Whether we are virtual, face-to-face, or hybrid, how we design and package learning opportunities can impact student engagement. Today's post is not about resources but more about a time to reflect on how we are designing lessons to have the biggest impact on student learning.
Student engagement happens when we purposefully plan for it. We are sharing 7 design elements that will help guide you during the planning and design stage of creating more engaging lessons.
7 Design Elements to Engage Learners
Building in opportunities for student choice allows students to take more control of their learning. If students are engaged with the content, they are less likely to be off-task and their intrinsic motivation kicks in. Many choices can be built into Choice Boards. Find Choice Board templates and more on our Empowering Student Choice blog.
Guiding students through intentional exploration could result in deeper understanding or even become the springboard to develop new ideas. With many classrooms experiencing virtual or hybrid settings, break-out rooms give students the opportunities for small group discussions. But how do students stay focused? The key is incorporating active learning components such as graphic organizers, a collaborative document for note taking, or a journal reflection to help organize thoughts.
Developing relevant lessons for our students gives them context in which to further develop their ideas. Interest leads to greater engagement and the students' ability to connect ideas. Giving students an interest survey is one way to learn about your students but also learning what is trending in their world - books, video games, toys, sports etc. The better we understand our students, the easier it is to make our lessons personal and relevant.
Just as we have students practice writing, spelling, keyboarding, math facts, etc. we must also allow time for practicing new digital skills and tools. Students have multiple resources at their fingertips but in order for the tools to have the biggest impact, students must have time to practice and discover what will work best for them.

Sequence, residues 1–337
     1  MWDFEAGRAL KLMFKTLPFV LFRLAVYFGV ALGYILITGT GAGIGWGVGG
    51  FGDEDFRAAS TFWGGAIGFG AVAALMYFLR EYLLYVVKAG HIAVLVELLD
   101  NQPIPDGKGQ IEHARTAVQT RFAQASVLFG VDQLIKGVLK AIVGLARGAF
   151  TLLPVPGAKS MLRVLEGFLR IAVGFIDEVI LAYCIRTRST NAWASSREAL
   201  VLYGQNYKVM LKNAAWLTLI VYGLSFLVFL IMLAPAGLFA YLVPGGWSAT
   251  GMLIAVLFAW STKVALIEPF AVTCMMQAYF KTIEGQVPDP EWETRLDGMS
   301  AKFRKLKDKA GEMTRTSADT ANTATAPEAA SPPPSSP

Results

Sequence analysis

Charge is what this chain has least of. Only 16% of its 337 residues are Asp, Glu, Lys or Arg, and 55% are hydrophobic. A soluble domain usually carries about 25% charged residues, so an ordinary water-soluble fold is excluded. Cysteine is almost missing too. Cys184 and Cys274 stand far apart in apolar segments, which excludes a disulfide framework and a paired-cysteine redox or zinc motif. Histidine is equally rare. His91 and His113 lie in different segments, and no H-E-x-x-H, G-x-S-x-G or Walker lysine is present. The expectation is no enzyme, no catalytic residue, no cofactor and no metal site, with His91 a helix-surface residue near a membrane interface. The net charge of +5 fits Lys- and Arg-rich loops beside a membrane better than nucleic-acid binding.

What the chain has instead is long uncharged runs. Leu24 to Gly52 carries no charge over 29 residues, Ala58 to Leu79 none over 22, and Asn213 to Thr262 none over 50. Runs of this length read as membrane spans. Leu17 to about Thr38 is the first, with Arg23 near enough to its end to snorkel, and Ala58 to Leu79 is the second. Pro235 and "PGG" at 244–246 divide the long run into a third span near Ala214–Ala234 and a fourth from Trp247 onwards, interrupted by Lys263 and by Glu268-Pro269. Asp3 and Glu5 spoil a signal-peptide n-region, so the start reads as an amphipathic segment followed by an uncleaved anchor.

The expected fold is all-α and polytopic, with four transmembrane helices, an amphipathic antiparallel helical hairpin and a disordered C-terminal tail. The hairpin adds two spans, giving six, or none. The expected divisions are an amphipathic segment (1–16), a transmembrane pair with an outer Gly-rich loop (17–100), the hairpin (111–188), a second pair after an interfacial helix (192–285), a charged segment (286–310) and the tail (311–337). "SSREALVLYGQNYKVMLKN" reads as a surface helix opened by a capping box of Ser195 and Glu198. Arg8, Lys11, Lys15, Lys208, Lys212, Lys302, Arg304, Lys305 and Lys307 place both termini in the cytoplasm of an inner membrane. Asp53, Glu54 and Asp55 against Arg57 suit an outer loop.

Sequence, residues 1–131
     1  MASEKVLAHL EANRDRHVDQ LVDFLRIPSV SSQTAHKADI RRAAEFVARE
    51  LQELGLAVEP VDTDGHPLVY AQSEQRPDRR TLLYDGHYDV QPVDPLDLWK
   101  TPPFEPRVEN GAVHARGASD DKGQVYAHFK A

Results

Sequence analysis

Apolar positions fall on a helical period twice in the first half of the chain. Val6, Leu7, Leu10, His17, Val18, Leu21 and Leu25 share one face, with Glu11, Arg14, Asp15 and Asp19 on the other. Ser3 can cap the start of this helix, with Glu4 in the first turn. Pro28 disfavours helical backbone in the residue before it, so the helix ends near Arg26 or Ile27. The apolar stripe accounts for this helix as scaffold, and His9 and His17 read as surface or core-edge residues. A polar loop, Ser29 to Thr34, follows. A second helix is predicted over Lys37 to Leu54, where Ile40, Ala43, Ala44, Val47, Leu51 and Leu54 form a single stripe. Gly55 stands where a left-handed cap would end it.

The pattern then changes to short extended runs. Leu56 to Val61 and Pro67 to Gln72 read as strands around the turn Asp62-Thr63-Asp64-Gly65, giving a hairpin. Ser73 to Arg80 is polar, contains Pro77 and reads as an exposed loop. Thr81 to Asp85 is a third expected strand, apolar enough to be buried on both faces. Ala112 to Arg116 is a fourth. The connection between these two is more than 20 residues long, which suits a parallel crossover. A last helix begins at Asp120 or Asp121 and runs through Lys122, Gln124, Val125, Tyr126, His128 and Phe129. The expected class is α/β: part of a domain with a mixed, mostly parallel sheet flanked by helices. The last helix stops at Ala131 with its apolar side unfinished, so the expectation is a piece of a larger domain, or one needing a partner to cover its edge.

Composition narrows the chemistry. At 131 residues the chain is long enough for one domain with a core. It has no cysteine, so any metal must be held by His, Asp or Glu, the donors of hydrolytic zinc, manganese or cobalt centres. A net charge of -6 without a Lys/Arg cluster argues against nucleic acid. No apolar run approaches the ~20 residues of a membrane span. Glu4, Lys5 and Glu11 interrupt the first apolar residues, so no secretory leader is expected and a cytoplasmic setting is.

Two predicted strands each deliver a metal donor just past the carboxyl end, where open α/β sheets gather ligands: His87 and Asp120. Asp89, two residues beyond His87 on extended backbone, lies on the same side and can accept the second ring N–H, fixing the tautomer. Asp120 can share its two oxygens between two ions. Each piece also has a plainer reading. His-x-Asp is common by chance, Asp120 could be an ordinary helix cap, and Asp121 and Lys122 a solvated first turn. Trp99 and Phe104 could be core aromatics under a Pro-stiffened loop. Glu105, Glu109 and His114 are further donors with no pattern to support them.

In an earlier blog post, on providing focused feedback, we shared tools and techniques for leaving text, audio, and video feedback for students. By consistently providing constructive feedback to our students they become more comfortable with critique and encouragement. Revision with guidance then becomes a more natural part of the learning process while placing less emphasis on the final project grade.
Encouraging time for student reflection packs power into lesson design by guiding them to analyze their experience. During a low-risk reflection activity, students think about their learning process as well as their product. Keep reflection fresh by using rubrics, tweet decks, exit tickets, 5 minute journal entries, etc. If you need inspiration, try one of these 40 Reflection Questions by Edutopia.
By publishing student work outside of the classroom walls, students learn that their work has greater meaning than simply the assignment details. The opportunity to publish for an authentic audience provides many real world experiences such as making revisions based on feedback and applying a work ethic to meet deadlines. Visit our Amplifying Student Voice blog post for ways students can publish their work.
We would love to hear from you. How do you design lessons to engage learners?